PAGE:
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Using Hubble to Fuse Exploration and Learning
10.19.11
 
Who are NASA's Earth and Space Science Explorers?

The middle school students who track weather to study its effect on bursting tree buds. And the scientist studying black holes in distant galaxies. But also the teacher whose class shares Earth science data with students around the world. And the engineer who designs robotic instruments to probe hard-to-reach planets. All of these people are Earth Explorers, Space Science Explorers or both. The Earth Explorers and Space Science Explorers series features NASA explorers, young and old, with many backgrounds and interests.


John Williams

John Williams submitted two entries that were awarded a "Gold Star" in the Hubble Top Stars contest. Image Credit: Dawn Williams

It was a good thing that John Williams' father did not answer every one of his son's questions when he was a kid. Interested in the puzzles of nature that surrounded him in eastern Kansas, Williams' insatiable curiosity led him to explore and find answers for himself.

Williams, who says that the sky held "a special interest" for him, describes with excitement his experience of observing stars and planets through a telescope for the first time: "This was much better than TV," he says.

Led by his passion in astronomy and his love of sharing knowledge through writing, Williams eventually pursued science writing at the University of Kansas' School of Journalism and Mass Communications. "I thought I could be the next Carl Sagan or Arthur C. Clarke," he says.

Like these luminaries, Williams found a way to educate others about space science in fun and engaging ways while preserving that component of learning that drove him to science in the first place: exploration. As his winning entries to the Top Stars contest illustrate, Williams has fused exploration and learning through the use of social media tools and the Internet.

Conducted by the Institute for Global Environmental Strategies in cooperation with the Space Telescope Science Institute, the NASA-sponsored Top Stars contest recognizes U.S. educators making exemplary use of the Hubble Space Telescope in science, technology, engineering and mathematics, or STEM, education. The top ten entries are awarded a Gold Star.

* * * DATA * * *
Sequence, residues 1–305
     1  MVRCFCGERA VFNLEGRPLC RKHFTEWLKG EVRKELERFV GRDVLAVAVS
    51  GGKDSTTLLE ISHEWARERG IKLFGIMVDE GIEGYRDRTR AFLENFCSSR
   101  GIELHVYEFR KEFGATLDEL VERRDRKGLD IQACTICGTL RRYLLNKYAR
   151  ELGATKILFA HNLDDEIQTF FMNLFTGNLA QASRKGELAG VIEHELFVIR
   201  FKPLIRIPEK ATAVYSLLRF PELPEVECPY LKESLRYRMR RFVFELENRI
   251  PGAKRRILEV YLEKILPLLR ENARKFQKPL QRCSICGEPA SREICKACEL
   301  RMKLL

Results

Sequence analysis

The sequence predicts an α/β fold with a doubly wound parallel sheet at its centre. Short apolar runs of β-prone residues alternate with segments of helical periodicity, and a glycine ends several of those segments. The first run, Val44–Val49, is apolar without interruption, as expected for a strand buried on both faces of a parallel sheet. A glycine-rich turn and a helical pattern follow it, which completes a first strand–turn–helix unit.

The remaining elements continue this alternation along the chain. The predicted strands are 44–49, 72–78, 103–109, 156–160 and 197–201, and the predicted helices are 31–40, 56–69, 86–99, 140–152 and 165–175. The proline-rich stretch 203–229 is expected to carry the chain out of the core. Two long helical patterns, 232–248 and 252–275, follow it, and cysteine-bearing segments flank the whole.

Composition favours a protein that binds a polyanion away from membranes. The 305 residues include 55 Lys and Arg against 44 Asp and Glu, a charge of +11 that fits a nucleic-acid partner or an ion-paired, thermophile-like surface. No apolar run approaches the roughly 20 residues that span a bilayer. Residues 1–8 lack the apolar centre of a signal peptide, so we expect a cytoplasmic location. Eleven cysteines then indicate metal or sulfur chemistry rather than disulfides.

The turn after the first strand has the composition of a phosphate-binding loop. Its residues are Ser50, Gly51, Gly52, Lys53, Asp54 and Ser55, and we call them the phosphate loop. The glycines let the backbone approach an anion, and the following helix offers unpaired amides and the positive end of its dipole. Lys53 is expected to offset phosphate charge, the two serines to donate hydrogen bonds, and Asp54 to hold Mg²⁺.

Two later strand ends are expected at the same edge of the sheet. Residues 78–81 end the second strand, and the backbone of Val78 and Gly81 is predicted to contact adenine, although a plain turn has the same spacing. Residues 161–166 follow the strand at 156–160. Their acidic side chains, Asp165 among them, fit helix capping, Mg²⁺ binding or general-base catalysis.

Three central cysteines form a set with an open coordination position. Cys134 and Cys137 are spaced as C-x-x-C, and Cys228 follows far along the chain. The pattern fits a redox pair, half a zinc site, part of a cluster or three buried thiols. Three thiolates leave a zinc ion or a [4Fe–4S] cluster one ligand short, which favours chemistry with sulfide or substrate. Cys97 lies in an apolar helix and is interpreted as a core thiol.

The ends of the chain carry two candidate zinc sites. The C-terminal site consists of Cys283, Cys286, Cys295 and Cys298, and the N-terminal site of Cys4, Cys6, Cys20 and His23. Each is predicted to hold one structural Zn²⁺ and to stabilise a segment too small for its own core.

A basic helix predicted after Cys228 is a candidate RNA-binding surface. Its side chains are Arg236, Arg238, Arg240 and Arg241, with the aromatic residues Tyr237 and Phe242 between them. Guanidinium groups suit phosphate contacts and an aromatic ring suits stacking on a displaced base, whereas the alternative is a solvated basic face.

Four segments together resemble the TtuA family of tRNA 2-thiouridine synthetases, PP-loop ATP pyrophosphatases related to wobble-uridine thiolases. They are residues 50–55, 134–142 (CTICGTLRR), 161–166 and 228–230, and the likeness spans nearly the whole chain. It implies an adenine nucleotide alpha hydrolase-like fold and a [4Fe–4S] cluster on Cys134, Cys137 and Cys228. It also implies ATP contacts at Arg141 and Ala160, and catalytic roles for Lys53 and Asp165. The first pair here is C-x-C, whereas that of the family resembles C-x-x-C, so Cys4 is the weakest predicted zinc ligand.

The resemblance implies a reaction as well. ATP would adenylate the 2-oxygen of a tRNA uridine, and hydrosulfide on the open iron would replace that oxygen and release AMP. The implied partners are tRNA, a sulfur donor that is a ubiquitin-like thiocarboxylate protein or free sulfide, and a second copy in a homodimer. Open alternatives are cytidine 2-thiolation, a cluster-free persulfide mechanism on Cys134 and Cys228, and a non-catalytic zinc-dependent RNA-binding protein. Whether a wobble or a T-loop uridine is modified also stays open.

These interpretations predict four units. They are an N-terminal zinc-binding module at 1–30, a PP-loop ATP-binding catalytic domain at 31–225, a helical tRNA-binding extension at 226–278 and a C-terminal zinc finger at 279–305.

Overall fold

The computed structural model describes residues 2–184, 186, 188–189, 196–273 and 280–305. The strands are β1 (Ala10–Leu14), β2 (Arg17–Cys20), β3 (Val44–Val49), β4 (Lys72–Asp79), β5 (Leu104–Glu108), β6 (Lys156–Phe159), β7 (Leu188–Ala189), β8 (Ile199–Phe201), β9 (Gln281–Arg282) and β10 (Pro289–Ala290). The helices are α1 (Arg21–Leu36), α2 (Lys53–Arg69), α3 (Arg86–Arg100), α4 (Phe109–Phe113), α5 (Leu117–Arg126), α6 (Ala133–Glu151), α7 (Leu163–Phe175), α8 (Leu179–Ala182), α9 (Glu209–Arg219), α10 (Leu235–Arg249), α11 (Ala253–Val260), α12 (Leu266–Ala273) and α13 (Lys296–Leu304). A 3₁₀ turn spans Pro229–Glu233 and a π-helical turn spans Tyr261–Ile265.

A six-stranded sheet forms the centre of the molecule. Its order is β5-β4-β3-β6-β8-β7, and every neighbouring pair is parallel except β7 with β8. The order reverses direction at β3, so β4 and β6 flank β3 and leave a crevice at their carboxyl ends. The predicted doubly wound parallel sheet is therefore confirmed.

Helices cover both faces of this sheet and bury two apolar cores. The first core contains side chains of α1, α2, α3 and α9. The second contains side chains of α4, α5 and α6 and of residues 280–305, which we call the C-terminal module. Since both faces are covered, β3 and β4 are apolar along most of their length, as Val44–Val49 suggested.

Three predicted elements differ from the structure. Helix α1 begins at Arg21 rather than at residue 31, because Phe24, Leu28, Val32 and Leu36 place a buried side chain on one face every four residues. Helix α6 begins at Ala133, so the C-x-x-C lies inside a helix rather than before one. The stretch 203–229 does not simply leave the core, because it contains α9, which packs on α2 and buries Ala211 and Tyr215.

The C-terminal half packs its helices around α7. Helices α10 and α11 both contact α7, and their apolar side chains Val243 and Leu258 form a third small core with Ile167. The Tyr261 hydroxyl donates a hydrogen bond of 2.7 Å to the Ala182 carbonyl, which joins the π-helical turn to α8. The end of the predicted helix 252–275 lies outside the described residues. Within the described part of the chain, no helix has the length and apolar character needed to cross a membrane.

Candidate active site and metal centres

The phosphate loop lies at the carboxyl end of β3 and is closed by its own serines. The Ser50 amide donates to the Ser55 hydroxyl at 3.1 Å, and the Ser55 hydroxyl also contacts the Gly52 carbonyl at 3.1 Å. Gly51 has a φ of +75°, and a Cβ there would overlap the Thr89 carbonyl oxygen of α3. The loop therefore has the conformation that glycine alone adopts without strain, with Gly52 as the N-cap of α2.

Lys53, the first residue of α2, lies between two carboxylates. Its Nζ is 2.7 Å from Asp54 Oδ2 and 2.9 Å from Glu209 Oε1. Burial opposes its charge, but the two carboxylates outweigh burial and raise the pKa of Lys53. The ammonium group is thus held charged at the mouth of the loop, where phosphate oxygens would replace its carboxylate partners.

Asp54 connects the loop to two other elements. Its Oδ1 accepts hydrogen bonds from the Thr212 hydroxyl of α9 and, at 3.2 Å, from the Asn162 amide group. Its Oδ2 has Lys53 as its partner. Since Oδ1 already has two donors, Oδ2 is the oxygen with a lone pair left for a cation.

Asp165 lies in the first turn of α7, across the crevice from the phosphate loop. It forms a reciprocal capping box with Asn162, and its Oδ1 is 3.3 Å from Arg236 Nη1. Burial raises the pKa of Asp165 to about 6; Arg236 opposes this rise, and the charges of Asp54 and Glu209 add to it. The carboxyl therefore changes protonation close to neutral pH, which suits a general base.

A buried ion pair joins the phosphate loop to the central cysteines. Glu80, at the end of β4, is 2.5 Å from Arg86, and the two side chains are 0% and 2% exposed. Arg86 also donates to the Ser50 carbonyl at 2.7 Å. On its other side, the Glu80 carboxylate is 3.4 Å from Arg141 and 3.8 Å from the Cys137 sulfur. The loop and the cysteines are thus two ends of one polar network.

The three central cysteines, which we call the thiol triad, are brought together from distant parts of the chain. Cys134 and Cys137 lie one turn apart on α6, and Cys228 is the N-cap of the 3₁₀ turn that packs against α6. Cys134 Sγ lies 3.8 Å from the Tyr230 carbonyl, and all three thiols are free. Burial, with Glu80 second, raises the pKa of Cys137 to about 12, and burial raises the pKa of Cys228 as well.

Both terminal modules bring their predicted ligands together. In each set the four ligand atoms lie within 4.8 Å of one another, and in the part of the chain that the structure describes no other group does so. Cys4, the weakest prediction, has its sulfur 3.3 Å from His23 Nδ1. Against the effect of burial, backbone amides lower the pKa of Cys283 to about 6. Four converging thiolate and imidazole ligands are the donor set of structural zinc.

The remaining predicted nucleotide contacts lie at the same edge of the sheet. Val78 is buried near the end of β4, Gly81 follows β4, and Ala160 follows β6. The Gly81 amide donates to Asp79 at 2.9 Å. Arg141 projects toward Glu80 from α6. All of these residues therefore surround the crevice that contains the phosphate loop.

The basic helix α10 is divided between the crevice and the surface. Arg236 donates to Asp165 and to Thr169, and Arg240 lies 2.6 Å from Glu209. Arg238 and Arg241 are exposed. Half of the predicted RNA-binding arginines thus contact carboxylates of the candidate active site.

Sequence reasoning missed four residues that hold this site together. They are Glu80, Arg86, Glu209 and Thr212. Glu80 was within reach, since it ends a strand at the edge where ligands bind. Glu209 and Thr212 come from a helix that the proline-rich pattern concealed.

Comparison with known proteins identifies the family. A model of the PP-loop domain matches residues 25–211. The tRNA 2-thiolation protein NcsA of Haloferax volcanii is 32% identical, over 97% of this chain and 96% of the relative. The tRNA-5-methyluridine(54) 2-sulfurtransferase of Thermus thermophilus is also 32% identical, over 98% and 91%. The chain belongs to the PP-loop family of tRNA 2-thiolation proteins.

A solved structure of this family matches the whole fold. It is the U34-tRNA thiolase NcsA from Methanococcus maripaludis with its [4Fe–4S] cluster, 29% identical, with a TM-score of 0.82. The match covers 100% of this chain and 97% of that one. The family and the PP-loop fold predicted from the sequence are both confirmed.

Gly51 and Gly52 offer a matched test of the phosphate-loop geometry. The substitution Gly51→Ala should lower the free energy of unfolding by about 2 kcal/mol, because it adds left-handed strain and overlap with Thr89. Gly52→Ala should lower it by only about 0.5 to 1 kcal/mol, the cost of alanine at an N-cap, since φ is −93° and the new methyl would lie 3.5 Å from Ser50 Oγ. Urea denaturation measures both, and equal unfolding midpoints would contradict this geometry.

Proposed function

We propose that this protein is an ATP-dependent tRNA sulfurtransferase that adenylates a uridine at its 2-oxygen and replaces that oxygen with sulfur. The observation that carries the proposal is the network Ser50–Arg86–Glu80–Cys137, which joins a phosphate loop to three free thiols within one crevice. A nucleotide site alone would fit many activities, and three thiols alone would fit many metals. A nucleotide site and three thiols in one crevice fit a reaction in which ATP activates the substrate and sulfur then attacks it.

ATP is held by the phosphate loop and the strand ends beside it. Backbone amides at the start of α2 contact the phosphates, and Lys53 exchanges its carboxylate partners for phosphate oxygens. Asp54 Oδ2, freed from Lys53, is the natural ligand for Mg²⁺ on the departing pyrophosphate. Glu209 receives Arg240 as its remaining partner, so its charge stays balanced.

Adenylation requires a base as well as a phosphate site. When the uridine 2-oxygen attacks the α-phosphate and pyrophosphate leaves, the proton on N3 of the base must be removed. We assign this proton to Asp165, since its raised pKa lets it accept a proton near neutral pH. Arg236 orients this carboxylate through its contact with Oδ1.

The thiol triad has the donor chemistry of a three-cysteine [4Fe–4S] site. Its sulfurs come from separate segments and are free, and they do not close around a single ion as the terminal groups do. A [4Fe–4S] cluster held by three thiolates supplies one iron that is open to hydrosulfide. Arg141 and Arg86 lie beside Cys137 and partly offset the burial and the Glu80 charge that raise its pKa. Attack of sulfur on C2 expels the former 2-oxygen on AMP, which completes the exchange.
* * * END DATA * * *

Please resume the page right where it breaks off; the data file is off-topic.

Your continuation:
Williams is the owner and lead developer of Terra Zoom, a Web design and development firm specializing in Web mapping and image manipulation using the Zoomify program. He received a Gold Star for his two entries: the Starry Critters website and the "Hubble Star Card Game."

Starry Critters asks the simple question: "What do you see in the night sky?" Colorful and impressive images from Hubble and other telescopes take center stage as students manipulate them to focus on what the images, like the letter "X" in the Boomerang Nebula, suggest to them.

"Like clouds on a summer day, star clouds turn into dragons, cat eyes, fish and other animals with a little imagination," wrote Williams in the Top Stars entry. The website aims at imbuing excitement in children before they learn the true stories of the images, which can be explained by teachers and parents from the background information provided.

The "Hubble Star Card Game" does something similar by engaging students and teachers in a fun, interactive way to learn about the universe. "The images on the cards motivate and engage students to read while developing strategies in learning about objects in space," the website states. The set of 60 cards is divided by planets, planetary nebulae, supernova remnants, nebulae, star clusters and galaxies. Each card provides basic information, including location and distance from Earth.

Based on this information, students can play traditional card games such as "war" or "go fish." Williams has found that individual or competitive games offer opportunities for further learning as students are driven to ask questions, such as those about distances in space and the concept of a light-year. "While playing the game with students, I found that given a little instruction, students can play and learn with minimal interaction," he explains.

According to Williams, a critical component in both of these experiences is their interactive nature. At the Starry Critters website, for example, users are encouraged to post messages about what they see in each image. "We are social creatures," Williams explains, "so sharing experiences and discoveries ties into that nature."

Technology, in the form of the Internet and social media that help capture this interaction and share it with millions, is an important tool in this endeavor. Both products take advantage of the Internet and social media to encourage the kind of curiosity and exploration that shaped Williams as he was growing up and that affects him still.

A certified instructor of taekwondo who has written articles for publications such as Earth and the Smithsonian's Air & Space Magazine, Williams thinks everyone can engage in exploration. "Anytime we encourage people to explore their world," he says, "I think we engage a fundamental part of our nature."


Related Resources:
› Top Stars   →
› Hubble Space Telescope   →
› Starry Critters   →
› Hubble Star Cards   →
› Top Stars Winners
› Meet the Next Space Science Explorers

 
 
Laura Delgado López: Institute for Global Environmental Strategies